On December 31 2020, the newsrack service will be shut down permanently.

It has been a nice long run from the Sarai days in 2004 to being hosted on its own domain around 2006. Beside maintenance, there has been no real active development on the code or the features since early 2008. Since 2015, even all that maintenance was pretty bare bones. A lot of news sources no longer provide reliable RSS feeds and since mid 2018, there were growing issues with the service and I only kept it alive to assist a handful of users.

So, it is time to shut this down. The internet world in 2020 is vastly differently from 2003 when I first conceptualized this service. Thanks for using this all these years.

If you need to access any data, email me: subbu at newsrack.in

 
User: flenvcenter Topic: Water-Independent
Category: River Systems :: Animas River
Last updated: Jun 30 2017 23:42 IST RSS 2.0
 
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Currents of consent and control 13.5.2019 High Country News Most Recent
Like strainers of a river, our memories reshape us from within.
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Week in review: June 30 30.6.2017 High Country News Most Recent
Fire season is here, a new wolf recovery plan and health care protester arrests.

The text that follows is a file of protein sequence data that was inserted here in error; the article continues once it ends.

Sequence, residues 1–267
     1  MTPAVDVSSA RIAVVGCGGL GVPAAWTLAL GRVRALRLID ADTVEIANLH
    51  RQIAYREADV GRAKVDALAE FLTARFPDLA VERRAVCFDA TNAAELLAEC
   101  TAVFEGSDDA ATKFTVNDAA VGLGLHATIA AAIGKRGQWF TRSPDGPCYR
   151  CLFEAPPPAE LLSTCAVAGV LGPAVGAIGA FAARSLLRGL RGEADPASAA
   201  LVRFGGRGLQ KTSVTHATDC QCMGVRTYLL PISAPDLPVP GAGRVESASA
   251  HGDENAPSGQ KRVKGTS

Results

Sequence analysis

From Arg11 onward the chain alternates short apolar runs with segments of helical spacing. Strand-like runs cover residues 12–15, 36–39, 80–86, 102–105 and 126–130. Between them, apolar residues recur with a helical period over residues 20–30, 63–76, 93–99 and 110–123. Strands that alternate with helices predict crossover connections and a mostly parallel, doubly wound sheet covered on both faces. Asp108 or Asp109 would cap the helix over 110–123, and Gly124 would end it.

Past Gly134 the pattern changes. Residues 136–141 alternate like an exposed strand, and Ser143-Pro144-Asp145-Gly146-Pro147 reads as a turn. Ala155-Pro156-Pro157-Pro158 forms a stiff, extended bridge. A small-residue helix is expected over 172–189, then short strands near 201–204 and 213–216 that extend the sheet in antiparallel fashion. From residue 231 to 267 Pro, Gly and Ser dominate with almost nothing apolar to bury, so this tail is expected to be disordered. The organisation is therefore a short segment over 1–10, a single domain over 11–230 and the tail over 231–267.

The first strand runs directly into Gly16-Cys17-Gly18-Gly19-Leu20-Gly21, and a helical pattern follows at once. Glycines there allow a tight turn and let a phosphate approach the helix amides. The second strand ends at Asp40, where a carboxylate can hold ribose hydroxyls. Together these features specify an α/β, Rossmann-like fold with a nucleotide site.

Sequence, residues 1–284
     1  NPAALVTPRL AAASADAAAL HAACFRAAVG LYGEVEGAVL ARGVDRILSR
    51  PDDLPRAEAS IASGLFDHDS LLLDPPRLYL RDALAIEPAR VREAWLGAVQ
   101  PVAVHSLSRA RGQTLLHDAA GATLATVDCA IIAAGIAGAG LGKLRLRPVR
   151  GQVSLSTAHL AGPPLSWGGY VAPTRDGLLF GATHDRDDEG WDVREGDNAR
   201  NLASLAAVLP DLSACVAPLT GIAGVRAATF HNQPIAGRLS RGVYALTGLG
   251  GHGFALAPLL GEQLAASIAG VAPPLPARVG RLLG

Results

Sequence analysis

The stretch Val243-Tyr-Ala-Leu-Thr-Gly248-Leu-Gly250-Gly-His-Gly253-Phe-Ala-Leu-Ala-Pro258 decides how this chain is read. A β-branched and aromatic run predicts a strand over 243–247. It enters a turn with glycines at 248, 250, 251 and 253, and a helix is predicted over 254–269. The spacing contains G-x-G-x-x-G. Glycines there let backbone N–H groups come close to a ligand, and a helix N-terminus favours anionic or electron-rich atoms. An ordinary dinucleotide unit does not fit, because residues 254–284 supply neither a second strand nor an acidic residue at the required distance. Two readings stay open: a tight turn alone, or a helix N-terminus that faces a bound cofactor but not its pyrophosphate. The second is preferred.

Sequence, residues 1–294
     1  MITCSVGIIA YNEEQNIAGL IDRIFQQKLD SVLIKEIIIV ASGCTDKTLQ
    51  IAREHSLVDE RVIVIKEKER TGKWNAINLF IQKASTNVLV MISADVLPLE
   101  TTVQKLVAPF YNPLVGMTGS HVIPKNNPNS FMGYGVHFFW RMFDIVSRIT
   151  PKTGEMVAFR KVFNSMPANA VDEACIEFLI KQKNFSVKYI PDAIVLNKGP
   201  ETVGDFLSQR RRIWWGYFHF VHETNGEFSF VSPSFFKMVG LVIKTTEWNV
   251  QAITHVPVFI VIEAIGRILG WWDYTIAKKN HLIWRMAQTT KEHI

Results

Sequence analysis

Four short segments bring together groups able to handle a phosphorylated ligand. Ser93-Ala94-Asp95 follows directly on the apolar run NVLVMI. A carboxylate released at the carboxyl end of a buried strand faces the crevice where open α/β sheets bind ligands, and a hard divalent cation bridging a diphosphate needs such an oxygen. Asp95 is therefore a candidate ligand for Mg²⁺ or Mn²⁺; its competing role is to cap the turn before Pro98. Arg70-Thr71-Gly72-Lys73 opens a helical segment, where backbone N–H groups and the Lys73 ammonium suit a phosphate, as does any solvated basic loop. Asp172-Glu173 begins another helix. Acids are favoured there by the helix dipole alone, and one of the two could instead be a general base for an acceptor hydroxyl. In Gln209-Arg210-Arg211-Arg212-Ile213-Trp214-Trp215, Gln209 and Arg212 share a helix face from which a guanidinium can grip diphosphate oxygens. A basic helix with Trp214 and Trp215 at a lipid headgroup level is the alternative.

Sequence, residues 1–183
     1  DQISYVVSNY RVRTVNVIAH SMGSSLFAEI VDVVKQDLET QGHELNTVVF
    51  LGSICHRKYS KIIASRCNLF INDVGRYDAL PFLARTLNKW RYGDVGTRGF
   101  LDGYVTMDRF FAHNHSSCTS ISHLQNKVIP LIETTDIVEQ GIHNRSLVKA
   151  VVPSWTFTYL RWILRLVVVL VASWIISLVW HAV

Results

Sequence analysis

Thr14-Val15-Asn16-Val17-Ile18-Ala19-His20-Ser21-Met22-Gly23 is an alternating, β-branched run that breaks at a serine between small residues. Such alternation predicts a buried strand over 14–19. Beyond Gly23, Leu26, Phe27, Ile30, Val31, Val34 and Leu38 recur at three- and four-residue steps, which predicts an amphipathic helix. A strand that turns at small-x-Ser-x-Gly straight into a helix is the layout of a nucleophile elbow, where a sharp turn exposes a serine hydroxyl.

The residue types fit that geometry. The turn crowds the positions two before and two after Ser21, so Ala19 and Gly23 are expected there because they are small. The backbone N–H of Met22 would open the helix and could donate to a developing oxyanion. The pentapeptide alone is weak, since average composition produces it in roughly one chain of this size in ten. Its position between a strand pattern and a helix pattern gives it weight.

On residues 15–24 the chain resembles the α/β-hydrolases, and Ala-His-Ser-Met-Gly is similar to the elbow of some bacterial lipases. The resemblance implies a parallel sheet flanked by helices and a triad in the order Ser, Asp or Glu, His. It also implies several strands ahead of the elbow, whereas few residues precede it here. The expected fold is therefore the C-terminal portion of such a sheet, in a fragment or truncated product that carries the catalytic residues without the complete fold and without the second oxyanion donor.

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It’s wrong to blame the EPA for the Gold King spill 1.2.2017 Writers on the Range
Without the private sector, neither the mine nor its toxic legacy would exist.
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The 5 biggest stories of 2016 28.12.2016 High Country News Most Recent
From Sagebrush Rebels, to spills and surprise wins.
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Latest: Officials open a criminal investigation of EPA’s role in the Animas river spill 20.8.2016 High Country News Most Recent
Agency contractors were excavating debris at the old mining site when the river flooded with wastewater.
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Federal Officials Investigating Massive EPA Spill That Turned River Orange 2.8.2016 CommonDreams.org Headlines
Nadia Prupis, staff writer

Federal officials are launching a criminal investigation into the 2015 Gold King Mine spill that sent millions of gallons of toxic waste into a Colorado waterway and memorably turned portions of the state's 126-mile Animas River orange.

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Horse catheters in classrooms, a crackdown on toxics, and an update on the Animas River 13.6.2016 High Country News Most Recent